All of this is accompanied by some interior and exterior bits that mark the Veloster N out from lesser versions. At the rear, there’s a biplane wing (or is it a spoiler?), and along the sides, there are more extreme side skirts. On the inside, you get a pair of sports seats that grip you well and when you unlock the car, the N logos on the backrest light up. Despite this bit of whimsy, the seats weigh around 4 lbs (2 kg) less than standard seats. And the seat belts are the same N powder blue as the steering wheel buttons.

While I’m very impressed with the Veloster N, it’s not quite as good as a Civic Type-R. The Honda’s seats hug you better, the vehicle corners even harder, and it’s about 11 percent more powerful than the Hyundai. But it’s also $5,000 more expensive than the manual Veloster R, and that gigantic rear wing might be off-putting to some. And I’ve been hearing very good things about the Mk. 8 Volkswagen Golf R, but since the outgoing Mk. 7 already cost more than $40,000, the new one is unlikely to be as affordable as the Veloster N.

The Hyundai is not a car for everyone, but for US hot hatch enthusiasts, there’s finally a great option that we get but Europe doesn’t.

Listing image by Hyundai

The most inescapable thing about driving a Rolls-Royce Ghost is never being able to forget how much it costs. So let’s get that out of the way: with a sticker price of $460,350, it’s a car that costs more than a house in many parts of the country. This knowledge never escapes you, a constant reminder that you’re visiting a world where just the cost of the options fitted to the car seen here would buy a pretty good pre-owned Mercedes S-Class.

You remember it when you park or whenever another car gets a little too close in traffic, given the pricey consequences of a scratch or scrape. But the price tag also looms when you feel the weight of the metal switchgear or your feet sink into the deep shag of the lambswool carpets. You quickly realize the amount of time and materials that went into putting everything together.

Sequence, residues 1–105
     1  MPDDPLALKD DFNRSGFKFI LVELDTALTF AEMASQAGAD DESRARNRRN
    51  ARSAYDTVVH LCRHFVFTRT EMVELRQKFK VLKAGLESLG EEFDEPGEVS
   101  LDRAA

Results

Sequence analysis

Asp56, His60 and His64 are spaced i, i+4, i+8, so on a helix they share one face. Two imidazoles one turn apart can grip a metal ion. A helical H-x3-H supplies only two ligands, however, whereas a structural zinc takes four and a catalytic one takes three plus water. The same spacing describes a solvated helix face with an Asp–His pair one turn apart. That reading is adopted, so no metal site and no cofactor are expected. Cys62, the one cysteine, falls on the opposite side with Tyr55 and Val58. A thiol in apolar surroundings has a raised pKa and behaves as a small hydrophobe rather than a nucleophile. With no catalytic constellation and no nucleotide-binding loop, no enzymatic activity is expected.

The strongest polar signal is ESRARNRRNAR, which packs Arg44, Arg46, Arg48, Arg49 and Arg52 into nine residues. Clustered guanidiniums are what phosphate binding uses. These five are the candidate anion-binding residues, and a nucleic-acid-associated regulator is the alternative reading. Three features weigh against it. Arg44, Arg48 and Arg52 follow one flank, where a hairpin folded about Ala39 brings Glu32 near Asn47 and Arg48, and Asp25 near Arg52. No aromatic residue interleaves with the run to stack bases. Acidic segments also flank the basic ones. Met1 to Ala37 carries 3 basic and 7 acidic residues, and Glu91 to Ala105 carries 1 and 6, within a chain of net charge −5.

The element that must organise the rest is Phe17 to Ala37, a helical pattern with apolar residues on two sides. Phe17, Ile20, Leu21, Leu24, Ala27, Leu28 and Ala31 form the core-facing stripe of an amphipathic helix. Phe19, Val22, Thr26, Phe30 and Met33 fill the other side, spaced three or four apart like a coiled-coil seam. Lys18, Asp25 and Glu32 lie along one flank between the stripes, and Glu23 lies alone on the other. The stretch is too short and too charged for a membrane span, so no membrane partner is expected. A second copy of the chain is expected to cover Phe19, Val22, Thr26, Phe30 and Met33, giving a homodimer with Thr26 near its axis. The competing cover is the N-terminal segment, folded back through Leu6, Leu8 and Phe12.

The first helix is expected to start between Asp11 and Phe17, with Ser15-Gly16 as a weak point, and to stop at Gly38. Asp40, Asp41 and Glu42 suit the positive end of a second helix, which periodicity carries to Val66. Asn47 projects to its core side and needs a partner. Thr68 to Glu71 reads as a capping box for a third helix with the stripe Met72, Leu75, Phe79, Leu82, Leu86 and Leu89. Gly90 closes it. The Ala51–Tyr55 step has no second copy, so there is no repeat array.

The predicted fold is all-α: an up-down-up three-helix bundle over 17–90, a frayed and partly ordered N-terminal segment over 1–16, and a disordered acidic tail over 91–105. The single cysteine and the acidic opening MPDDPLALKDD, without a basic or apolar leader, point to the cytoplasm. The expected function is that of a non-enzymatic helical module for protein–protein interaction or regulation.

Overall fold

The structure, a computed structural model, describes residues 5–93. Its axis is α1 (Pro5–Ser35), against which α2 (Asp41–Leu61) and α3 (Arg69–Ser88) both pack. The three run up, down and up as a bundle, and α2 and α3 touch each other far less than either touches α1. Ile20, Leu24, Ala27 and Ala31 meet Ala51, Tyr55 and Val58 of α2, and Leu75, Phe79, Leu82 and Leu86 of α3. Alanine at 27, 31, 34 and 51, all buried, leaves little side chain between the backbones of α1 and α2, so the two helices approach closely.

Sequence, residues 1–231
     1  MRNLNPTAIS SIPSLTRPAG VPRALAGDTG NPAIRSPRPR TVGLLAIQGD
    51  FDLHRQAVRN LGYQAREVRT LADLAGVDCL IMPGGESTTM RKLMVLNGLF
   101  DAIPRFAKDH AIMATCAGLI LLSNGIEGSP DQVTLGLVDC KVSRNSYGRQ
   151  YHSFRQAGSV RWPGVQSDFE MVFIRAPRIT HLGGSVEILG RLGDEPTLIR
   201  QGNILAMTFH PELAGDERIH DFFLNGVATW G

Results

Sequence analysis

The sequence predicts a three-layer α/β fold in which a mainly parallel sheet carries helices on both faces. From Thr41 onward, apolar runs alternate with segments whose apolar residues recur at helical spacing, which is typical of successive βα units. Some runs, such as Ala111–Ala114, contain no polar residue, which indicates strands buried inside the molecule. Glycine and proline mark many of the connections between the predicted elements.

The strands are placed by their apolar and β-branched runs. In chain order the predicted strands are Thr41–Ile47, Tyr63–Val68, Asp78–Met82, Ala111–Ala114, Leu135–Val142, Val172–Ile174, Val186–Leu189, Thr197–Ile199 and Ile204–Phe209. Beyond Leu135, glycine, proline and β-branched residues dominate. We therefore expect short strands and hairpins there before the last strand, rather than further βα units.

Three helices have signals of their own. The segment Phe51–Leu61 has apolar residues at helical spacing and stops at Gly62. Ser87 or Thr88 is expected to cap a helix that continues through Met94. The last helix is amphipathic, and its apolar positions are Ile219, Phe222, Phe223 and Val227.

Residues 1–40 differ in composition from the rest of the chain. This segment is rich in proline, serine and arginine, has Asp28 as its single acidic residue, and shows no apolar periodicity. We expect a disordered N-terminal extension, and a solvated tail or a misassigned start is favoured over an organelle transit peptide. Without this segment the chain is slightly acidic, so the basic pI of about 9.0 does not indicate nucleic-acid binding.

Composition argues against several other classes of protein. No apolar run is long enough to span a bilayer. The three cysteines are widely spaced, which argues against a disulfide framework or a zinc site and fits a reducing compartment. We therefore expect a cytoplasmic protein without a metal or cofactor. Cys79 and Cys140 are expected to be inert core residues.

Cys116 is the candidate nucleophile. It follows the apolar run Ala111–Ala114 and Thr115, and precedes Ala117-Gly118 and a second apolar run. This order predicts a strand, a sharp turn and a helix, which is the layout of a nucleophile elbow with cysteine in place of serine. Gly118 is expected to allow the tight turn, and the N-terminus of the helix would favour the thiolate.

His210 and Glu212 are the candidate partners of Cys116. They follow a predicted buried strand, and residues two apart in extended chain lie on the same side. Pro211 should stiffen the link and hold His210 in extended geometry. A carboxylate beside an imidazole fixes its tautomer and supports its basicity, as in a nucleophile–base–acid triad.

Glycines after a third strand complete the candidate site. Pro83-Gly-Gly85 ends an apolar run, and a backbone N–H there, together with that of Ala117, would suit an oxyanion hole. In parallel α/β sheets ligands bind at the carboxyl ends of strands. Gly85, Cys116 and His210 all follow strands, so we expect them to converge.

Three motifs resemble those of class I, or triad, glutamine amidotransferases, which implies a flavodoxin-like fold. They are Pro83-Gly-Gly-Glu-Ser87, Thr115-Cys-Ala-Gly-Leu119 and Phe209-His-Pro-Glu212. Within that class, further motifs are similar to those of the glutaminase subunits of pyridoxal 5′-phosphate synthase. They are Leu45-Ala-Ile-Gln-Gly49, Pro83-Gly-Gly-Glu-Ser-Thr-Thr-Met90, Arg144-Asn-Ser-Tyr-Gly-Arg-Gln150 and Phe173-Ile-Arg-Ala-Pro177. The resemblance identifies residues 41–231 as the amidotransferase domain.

The award for most improved goes to…

Despite the above, it was hard not to like the 2021 Ghost. When we tried the previous model a couple of years ago, it was similarly solid and sumptuously trimmed, but it thoroughly underwhelmed, particularly from behind the wheel. Part of the problem, perhaps, was that car sharing a platform with BMW’s 7 Series.

But that’s a problem no more, for the bones of the new Ghost come from Rolls-Royce’s new aluminum spaceframe platform (called Architecture of Luxury), shared with the Cullinan SUV and the even more expensive Phantom. The result is a car that’s as enjoyable to drive as the previous one wasn’t.

In the past, writers have likened the experience of driving a Rolls-Royce to piloting the drawing-room of a British stately home. I don’t think that’s an accurate analogy for the 21st-century Ghost, though. The chassis—made from extruded aluminum box sections—is too stiff and the ride and handling too composed to draw unfavorable comparisons with masonry and furniture.

Ironically, that very stiff chassis is one of the reasons the Ghost really does offer a magic carpet ride. It has a rather clever “planar suspension system” that does things like use GPS data and the Ghost’s forward-looking optical sensors to anticipate how firm the air springs should be at any given moment. It does a remarkably good job of soaking up big bumps, and this “road preview” function is now beginning to show up on other vehicles, too. But no other car also features an extra damper for each of the front upper wishbones. These soak up the high-frequency shocks and jolts that aren’t filtered out by the air suspension.

As a result, the Ghost seems to float, but never wallow, down the road, almost devoid of mass; in fact, it tips the scales at 5,445 lbs (2,470 kg). There are no drive modes, nor paddle shifters for the eight-speed automatic transmission, just a column stalk to select drive, neutral, reverse, or park. Instead, like the suspension, the gearbox—yet again ZF’s 8HP for those keeping score—uses GPS data to select the appropriate gear at the appropriate time. It all goes on behind the scenes and just works.

In the city, the Ghost is not a car you feel like driving quickly. A lot of that is its size: at more than 218 inches (5,545 mm) long, it is one of the bigger cars on the road, and as mentioned already it’s hard to be anything but hyper-aware of the inevitably massive bill that would result from even a little scrape. That slight hesitation before the power arrives also contributes—this just isn’t the sort of vehicle that you throw into the first available gap in traffic.